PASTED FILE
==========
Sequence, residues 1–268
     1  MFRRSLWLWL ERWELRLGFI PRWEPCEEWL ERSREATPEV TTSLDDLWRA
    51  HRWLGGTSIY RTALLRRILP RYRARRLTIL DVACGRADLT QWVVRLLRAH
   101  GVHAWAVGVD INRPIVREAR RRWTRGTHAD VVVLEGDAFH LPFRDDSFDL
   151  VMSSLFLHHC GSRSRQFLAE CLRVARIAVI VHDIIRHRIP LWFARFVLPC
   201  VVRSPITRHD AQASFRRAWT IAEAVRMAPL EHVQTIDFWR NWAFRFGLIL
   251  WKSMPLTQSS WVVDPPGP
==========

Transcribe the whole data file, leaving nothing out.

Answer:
Sequence, residues 1–268
     1  MFRRSLWLWL ERWELRLGFI PRWEPCEEWL ERSREATPEV TTSLDDLWRA
    51  HRWLGGTSIY RTALLRRILP RYRARRLTIL DVACGRADLT QWVVRLLRAH
   101  GVHAWAVGVD INRPIVREAR RRWTRGTHAD VVVLEGDAFH LPFRDDSFDL
   151  VMSSLFLHHC GSRSRQFLAE CLRVARIAVI VHDIIRHRIP LWFARFVLPC
   201  VVRSPITRHD AQASFRRAWT IAEAVRMAPL EHVQTIDFWR NWAFRFGLIL
   251  WKSMPLTQSS WVVDPPGP